Savannah's Mayor Honor's Labor Unions

Mayor of Savannah GA forms Working Savannah partnership with Savannah Regional Central Labor Council (SRCLC) and issues Proclamation recognizing Labor's contributions.   Accepting the Proclamation is SRCLC President Christi Hulme. 

The proclamation recognizes September 3rd through September 10th, 2020 as "Labor Week"

President Hulme was also announced as Chair of Working Savannah - the partnership between the Savannah Regional CLC and the City of Savannah.

Mayor Van Johnson said, "It makes so much sense for the City of Savannah to have a strong partnership with our Labor community. And I promised this.  And since they are already very well organized, we will call this partnership with the Savannah Regional Central Labor Council - "Working Savannah".   Where we will work together to ensure better work, better pay and benefit opportunities for Savannahians through apprenticeships and job training programs that these affiliates already do so well."

President Christi Hulme stated, "On behalf of all local unions in the Savannah area, I want to thank you, Mayor Johnson and City Council for this great honor.  Recognizing the struggles and accomplishments labor unions have made which benefits all workers and the community is a tremendous statement."

To see the video visit https://youtu.be/bjYkeDszUSE

The AFL-CIO Executive Council today elected Liz Shuler, a visionary leader and longtime trade unionist, to serve as president of the federation of 56 unions and 12.5 million members. Shuler is the first woman to hold the office in the history of the labor federation. The Executive Council also elected United Steelworkers (USW) International Vice President Fred Redmond to succeed Shuler as secretary-treasurer, the first African American to hold the number two office. Tefere Gebre will continue as executive vice president, rounding out the most diverse team of officers ever to lead the AFL-CIO.

Our brother and leader Richard Trumka passed away on August 5, 2021, at the age of 72.

The first woman to lead the biggest U.S. labor federation wants even more women as decision-makers in a labor movement that is becoming less male and less white.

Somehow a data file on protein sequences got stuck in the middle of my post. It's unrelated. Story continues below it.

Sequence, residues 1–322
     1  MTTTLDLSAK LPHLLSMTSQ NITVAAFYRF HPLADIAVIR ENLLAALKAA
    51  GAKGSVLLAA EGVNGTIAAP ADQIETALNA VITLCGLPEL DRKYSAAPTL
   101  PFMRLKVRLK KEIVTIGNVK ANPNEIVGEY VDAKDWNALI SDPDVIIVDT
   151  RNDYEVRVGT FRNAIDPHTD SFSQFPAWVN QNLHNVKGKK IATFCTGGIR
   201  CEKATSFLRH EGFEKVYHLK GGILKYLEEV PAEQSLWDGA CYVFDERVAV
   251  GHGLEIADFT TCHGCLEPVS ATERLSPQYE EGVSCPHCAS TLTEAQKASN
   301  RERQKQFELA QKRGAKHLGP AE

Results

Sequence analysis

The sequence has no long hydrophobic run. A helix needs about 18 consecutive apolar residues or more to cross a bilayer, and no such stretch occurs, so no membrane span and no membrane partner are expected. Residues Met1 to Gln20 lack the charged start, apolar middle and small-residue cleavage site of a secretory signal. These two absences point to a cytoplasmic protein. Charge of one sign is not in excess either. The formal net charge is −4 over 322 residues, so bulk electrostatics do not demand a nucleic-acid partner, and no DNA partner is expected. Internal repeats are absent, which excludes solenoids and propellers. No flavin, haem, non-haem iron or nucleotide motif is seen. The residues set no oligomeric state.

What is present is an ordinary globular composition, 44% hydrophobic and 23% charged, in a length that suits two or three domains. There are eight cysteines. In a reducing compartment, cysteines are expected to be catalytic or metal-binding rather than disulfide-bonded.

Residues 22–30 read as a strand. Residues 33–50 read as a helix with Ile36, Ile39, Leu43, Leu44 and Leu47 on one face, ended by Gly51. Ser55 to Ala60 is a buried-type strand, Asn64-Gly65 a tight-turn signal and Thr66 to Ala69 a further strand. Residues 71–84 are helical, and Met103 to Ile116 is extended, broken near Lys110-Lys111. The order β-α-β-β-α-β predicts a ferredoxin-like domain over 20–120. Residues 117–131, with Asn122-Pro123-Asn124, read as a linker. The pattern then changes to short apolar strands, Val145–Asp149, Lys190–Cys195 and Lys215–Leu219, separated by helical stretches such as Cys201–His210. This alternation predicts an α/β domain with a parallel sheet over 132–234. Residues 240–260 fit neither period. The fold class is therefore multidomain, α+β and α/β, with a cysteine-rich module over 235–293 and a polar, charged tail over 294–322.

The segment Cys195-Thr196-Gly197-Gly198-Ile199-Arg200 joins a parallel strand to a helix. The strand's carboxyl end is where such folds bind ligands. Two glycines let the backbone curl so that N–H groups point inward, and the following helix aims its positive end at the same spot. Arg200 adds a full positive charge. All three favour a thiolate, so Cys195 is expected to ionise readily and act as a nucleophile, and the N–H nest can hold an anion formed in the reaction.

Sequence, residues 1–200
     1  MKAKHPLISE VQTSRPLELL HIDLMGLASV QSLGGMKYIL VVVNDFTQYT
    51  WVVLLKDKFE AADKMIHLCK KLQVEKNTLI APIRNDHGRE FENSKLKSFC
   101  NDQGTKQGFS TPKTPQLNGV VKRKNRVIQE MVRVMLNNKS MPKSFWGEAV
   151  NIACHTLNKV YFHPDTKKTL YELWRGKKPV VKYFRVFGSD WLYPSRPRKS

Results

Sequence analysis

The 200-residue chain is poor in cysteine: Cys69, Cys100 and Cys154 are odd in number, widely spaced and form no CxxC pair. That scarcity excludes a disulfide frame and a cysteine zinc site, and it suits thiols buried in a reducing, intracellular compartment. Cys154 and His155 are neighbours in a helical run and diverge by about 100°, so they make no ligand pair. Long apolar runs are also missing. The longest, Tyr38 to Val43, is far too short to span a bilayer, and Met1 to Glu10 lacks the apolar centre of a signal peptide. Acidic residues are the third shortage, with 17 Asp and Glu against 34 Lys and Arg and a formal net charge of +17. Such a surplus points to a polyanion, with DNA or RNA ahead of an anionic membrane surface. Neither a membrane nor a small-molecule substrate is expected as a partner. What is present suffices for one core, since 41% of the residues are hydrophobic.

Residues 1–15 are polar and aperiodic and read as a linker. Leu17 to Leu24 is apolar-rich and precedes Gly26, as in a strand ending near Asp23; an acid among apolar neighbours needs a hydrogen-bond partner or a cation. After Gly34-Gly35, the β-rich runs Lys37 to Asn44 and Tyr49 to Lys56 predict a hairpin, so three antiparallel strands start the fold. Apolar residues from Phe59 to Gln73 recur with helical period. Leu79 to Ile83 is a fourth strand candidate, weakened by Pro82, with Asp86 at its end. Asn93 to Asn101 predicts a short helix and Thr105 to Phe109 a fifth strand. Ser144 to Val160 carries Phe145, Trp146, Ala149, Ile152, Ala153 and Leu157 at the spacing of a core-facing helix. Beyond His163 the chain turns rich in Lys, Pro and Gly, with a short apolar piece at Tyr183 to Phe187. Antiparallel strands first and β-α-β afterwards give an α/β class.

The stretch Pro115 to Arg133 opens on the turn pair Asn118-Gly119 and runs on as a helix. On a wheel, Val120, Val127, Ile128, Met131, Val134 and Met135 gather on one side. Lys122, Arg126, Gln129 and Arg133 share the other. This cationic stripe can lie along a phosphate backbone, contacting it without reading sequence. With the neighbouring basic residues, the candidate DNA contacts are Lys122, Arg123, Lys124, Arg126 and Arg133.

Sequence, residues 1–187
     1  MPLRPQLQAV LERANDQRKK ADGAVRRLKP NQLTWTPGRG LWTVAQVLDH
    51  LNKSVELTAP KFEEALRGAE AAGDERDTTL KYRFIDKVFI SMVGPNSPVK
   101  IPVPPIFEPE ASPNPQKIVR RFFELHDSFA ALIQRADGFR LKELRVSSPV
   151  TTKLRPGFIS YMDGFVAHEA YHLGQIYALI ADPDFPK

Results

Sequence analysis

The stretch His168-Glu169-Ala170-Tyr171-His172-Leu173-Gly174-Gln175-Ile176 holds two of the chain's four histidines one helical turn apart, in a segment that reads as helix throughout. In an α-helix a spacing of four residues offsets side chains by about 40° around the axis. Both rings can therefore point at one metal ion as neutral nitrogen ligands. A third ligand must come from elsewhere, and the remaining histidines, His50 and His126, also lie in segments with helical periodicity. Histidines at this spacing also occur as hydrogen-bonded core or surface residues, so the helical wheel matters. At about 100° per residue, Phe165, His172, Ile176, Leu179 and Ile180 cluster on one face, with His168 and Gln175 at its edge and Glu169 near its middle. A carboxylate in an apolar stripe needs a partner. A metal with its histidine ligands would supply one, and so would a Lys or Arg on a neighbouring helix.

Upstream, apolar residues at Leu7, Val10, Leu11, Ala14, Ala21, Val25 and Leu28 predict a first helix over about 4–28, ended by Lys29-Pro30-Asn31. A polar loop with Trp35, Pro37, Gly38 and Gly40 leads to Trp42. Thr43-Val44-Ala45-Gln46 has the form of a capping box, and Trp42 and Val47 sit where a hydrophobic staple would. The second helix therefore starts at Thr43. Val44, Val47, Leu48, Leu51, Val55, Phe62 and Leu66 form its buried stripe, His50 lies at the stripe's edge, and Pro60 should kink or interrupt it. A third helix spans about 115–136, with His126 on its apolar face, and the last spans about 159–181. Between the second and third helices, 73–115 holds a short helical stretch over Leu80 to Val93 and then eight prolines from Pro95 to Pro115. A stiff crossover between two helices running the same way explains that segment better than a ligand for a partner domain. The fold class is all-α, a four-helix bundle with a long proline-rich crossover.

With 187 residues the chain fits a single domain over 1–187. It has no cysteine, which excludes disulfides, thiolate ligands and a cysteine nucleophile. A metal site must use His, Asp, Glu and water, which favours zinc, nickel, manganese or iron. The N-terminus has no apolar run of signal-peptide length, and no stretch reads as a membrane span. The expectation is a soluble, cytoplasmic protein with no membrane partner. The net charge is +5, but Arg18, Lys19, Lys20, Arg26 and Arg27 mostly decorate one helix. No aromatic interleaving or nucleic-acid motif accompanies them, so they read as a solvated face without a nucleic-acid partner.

NPR's Michel Martin speaks with Liz Shuler, the newly elected president of the AFL-CIO, about her goals for the organization and the future of the labor movement.

Listen to the segment on NPR.

Newly elected AFL-CIO President Liz Shuler discusses the future of the labor movement.

Watch the segment on Bloomberg.

On the morning of August 5, the nation, the American labor movement, and workers across the globe were rocked by the sudden, unexpected loss of a great man, an incredible leader, and a lifetime fighter for justice, AFL-CIO President Richard Louis Trumka, or “it’s just Rich” as he would so often correct anyone opting for the more formal greeting. 

In April 2020, after the labor market took its largest one-month hit in modern history, Black men and women suffered job losses proportionate to those of white women. Still, their losses were far less severe than those of Hispanic men and women. Black workers already had higher unemployment rates, as has always been the case, but their unemployment rates did not skyrocket as much as other groups.

The nation watched earlier this year as heroic warehouse workers at the Amazon facility in Bessemer, Alabama, made history.

Despite intense pressure, intimidation and bullying by one of the largest corporations in the world, they fought to reclaim their fair share of power and form a union. They spoke out about an experience familiar to so many working people—the stress of being overworked, underpaid, and afraid for the future.

This week, the AFL-CIO is leading a PRO Act Week of Action, part of the labor movement’s national campaign urging senators to pass this transformative labor law reform. This week of action includes at least one event near every U.S. senator’s office.

In April 2020, after the labor market took its largest one-month hit in modern history, Black men and women suffered job losses proportionate to those of white women. Still, their losses were far less severe than those of Hispanic men and women. Black workers already had higher unemployment rates, as has always been the case, but their unemployment rates did not skyrocket as much as other groups.